Introduction: Custom DIY Metal Stencil: Engrave Your Name/Logo Without a Laser Engraver!
Did I break into your shop and steal your $16000 laser cutter? Don't have time to waste waiting for the branding iron to heat up?
Introducing - the world's first stencil that isn't TSA friendly!
This project was inspired by Jimmy Diresta's constant use of his spray paint stencil. I thought of combining the idea of a mini stencil - which if you are Jimmy - you obviously carry everywhere - with a knife, and a mini butane torch or lighter, instead of spray paint that tends to smell horribly.
A knife? You're looking at the pictures above confused?
...Because it didn't work.
But a solution was found! In this Instructable, I will show you how to make your own custom steel stencil, for marking your logo everywhere you want: burn it onto wood, and spray paint it on anything else!
In case you were wondering since this Instructable has been entered into the Pocket-sized contest, (my) stencil and mini torch can fit easily in one pants' pocket. If you have a really short name you could even make a credit card sized stencil and keep it in your wallet, and if you have a really long name (10+ letters) you could make it fold in half with a hinge!
Let's get started!
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Step 1: What You'll Need:
Want to make this project? Here's what you'll need, or at least what I used!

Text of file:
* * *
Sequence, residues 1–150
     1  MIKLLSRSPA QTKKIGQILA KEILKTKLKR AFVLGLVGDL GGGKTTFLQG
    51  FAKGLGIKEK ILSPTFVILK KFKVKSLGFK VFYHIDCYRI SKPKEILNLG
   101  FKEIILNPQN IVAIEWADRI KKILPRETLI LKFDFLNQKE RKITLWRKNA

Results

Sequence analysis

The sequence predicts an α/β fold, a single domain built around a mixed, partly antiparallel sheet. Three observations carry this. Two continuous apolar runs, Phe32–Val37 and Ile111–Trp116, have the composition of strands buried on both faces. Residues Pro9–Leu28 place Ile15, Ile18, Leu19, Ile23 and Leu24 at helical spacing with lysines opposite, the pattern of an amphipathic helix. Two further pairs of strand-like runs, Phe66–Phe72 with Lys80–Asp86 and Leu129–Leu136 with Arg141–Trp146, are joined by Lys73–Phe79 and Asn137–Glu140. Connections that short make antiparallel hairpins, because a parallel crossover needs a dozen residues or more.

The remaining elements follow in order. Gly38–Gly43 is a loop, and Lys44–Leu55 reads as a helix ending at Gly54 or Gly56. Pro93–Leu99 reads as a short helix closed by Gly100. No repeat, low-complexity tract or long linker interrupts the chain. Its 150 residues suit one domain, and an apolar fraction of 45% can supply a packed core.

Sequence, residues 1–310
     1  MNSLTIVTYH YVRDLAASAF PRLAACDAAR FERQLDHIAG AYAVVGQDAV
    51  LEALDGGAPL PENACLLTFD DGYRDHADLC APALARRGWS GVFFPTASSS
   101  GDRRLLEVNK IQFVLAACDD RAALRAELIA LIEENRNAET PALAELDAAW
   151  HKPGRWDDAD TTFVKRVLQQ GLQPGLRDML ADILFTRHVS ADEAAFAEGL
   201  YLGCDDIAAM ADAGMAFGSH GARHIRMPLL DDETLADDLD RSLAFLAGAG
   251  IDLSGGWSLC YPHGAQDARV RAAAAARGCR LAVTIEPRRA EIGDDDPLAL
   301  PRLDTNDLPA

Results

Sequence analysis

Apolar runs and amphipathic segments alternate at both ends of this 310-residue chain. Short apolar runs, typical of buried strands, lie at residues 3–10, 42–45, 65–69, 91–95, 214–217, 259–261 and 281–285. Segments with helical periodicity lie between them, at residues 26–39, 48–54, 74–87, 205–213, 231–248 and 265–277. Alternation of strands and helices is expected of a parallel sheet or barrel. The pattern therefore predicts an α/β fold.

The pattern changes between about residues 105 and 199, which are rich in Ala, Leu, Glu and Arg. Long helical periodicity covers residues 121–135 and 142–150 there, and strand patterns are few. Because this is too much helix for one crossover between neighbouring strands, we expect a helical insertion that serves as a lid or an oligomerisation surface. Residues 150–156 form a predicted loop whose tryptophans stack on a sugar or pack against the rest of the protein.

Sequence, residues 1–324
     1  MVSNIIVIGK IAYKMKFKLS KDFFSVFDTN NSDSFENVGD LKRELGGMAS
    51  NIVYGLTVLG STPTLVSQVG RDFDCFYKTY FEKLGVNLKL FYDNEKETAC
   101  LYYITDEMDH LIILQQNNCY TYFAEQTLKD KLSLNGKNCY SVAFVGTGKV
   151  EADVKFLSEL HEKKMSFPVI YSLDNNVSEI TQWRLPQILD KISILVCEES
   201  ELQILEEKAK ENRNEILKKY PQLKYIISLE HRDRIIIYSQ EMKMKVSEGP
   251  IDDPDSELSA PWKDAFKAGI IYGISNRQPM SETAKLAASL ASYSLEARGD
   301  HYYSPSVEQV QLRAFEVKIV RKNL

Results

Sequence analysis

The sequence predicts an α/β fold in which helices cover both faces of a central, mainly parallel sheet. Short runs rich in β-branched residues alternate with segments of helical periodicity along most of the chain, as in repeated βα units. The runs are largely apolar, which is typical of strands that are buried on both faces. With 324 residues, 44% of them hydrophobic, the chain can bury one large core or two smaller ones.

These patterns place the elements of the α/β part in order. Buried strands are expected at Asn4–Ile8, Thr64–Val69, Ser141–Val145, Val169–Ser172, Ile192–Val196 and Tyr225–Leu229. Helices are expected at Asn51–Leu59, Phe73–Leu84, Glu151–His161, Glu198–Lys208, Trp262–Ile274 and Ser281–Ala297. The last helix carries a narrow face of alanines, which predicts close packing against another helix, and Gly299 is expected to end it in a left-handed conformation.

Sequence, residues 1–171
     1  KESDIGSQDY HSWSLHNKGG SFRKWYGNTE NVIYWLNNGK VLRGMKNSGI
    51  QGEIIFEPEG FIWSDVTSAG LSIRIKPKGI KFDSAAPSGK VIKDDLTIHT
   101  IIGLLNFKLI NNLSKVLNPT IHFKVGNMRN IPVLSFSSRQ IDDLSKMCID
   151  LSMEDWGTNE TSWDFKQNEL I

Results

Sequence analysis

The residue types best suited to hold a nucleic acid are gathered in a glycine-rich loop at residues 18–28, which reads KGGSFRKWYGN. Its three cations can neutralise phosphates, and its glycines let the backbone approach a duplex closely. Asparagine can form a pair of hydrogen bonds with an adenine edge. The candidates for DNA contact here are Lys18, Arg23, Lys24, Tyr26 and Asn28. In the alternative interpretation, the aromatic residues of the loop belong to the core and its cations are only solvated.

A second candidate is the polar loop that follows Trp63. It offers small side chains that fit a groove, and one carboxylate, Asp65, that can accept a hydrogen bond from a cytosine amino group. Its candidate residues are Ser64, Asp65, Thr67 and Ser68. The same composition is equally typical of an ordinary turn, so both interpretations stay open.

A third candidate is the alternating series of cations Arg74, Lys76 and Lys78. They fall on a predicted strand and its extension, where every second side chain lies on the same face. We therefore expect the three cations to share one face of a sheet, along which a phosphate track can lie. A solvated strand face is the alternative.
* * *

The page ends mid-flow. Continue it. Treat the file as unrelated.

- Flex shaft rotary tool + accessories (See the rotary tool kit I built!)
- Drill or mini drill press (my review video on the mini drill press)
- Bar clamps
- 2mm drill bits (I broke 7 drill bits drilling into the knife, before getting the drill press)
- Step drill bit (if your name has circular letters - abdgopqOQ - or other languages)
- Tall glass jar full of homemade dihydrogen monoxide
- Locking needle-nosed pliers
- Pencil & permanent marker
- Homemade mini soldering vise
- ...Or... Only a drill and needle files if you have a lot of patience! But I won't recommend it!
- Proper safety equipment (Kit: the PPE I recommend if on a budget)
Possible Marking Tools:
- A thin blade knife
- Or... Non-galvanized sheet metal (0.5mm / 1/32" or thicker)
The links above are affiliate links, meaning that I earn a small percentage of what you paid (helping me fund bigger projects), at no extra cost to you. If you want to know more about a specific tool/part that I used, need ideas for alternatives, or don't see something you think should be here, please let me know in the comments.